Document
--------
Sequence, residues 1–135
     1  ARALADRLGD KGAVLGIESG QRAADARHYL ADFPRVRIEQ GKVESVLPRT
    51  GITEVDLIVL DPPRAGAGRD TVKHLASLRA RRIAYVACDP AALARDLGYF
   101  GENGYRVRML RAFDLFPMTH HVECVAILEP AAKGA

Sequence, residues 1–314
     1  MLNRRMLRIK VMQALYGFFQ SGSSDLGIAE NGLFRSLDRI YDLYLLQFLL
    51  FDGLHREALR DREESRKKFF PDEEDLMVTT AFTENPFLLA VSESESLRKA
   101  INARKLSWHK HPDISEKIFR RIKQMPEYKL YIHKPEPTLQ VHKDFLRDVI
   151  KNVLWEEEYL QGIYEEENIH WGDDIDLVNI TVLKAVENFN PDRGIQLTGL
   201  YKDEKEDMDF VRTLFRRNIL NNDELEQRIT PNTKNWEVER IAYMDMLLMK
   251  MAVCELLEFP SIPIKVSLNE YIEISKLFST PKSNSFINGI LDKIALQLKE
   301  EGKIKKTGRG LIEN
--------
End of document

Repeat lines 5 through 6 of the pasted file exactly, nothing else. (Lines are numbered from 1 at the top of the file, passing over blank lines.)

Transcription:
Sequence, residues 1–314
     1  MLNRRMLRIK VMQALYGFFQ SGSSDLGIAE NGLFRSLDRI YDLYLLQFLL